There had also been considerable controversy on Indymedia and then national state radio. The group calling the protest, Globalise Resistance, which is run by the Socialist Workers Party, had been implying they were the organisers, at least in part, of Mondays Reclaim the Streets party. In fact the SWP are hostile to the whole anti-authoritarian ethos of Reclaim the Streets (RTS) and there was no GR involvement in the organisation of Mondays party. By Wedensday's Joe Duffy show GR had dropped the claim to be among the RTS organisers.
When GR announced a speaker line up on Indymedia that seemed to almost entirely consist of politicians standing in next weeks elections there was further outrage. Most of the RTS organisers are anarchists are were not at all happy with a line up that so blatantly contradicted what they stood for. There followed much talk of pieing and provocation.
But credit to RTS that despite their annoyance with the manner in which the demonstration had been called they responded to calls to boycott it by saying that it was essential that as many as people as possible turn up. This defused the situation and turned what could have been a very damaging situation with 'rival' demonstrations into one united demonstration. To GR's credit shortly before the demonstrations they also invited speakers from RTS, Indymedia and the WSM. The fact that the Labour Party speaker never showed and that neither the GR/SWP chair or the SWP speaker were electoral candidates probably also helped calm things down on the night.
As it was the turn out caught everyone by surprise, one unfortunate consequence was the speakers were trying to talk to a crowd of 1,500 through a megaphone rather then a PA with the result that many people could not hear what was being said. Speakers were law professor and abortion rights activist Ivana Bacik, Green Party electoral candidate Kieren Cuffe (who, missing the mood rather badly, demanded 'better training' for the cops), Sinn Fein electoral candidate Daithi Doolan, Amanda(?) for Indymedia, Socialist Workers Party leader Kieren Allen, Socialist Party electoral candidate Joe Higgins, Andrew Flood for the anarchist Workers Solidarity Movement, an Irish Council for Civil Liberties speaker whose name I missed and then finally Fergal read out a statement on behalf of RTS.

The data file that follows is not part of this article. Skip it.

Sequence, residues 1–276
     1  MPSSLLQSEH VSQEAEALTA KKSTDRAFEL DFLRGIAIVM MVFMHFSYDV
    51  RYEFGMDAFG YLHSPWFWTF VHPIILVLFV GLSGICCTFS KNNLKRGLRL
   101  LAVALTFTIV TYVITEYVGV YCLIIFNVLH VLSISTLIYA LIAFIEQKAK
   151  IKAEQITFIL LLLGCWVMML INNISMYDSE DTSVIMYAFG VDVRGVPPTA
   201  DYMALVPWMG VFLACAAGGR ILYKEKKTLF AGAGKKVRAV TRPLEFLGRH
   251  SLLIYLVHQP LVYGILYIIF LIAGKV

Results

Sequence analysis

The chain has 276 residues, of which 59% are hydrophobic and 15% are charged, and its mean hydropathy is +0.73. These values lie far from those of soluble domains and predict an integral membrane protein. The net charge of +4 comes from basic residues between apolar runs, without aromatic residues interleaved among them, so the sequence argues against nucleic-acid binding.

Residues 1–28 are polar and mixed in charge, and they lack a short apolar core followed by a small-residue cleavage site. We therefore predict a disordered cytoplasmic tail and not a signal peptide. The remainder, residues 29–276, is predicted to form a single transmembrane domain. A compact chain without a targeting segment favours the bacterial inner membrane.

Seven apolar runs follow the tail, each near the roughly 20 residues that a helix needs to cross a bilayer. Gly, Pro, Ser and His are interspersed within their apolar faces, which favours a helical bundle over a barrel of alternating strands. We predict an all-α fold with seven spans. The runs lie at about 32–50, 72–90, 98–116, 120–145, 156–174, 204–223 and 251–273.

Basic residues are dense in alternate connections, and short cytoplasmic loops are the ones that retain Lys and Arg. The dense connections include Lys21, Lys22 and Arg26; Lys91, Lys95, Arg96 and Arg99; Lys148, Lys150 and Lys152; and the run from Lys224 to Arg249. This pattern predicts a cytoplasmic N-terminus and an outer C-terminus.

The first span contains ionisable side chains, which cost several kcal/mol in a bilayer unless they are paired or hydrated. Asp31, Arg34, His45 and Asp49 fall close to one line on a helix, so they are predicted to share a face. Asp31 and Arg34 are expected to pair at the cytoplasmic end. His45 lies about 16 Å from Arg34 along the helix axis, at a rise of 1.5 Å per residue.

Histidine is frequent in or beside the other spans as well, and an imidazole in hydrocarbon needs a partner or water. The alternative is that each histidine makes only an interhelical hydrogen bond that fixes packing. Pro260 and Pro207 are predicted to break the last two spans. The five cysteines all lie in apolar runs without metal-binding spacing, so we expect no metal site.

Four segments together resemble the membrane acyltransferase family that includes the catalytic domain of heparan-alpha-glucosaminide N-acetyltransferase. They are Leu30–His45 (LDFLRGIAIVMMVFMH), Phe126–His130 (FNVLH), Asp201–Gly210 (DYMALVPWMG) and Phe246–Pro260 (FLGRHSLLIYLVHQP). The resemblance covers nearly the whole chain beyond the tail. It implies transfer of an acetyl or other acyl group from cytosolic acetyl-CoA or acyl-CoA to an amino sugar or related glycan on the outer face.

The actual organisers of the Reclaim the Streets party did not want to be identified as they feared Gardai harassment. Just that afternoon an activist had been arrested by Gardai on O'Connell St while putting up RTS posters for the demonstration that evening!
When I spoke I emphasised that what happened on Dame St was not a few cops out of control but fully consistent with actions earlier that day (when other protesters were beaten up and arrested out of camera shot) and with Gardai attacks on demonstrations earlier in the year. This came in part from the need capitalist globalistion has for increased control of the population. The 'race to the bottom' it leads to means a loss of job security, wages, healthcare and education for many and so is bound to breed both organised and spontaneous resistance. In the US the point at which the gap between rich and poor started widening in the 1970's was also the point at which the prison population started increasing from 200,000 to the current 1,400,000.
The Gardai assault on Dame street was not carried out by a couple of cops down a dark alley some Friday night. There were at least 60 of them including senior officers in broad daylight on a main street. This showed that whether or not the level of brutality was ordered it was certainly the case that those carrying it out, in full view of senior officers did not expect to get into any trouble for doing so
For that reason we should not be satisfied by action against the couple of Gardai caught battering protesters on camera. The top cops were responsible, we should be looking for action against them. And more importantly the increase in Gardai harassment of demonstrations is related to the introduction of the draconian Public Order Act, we should demand its abolition.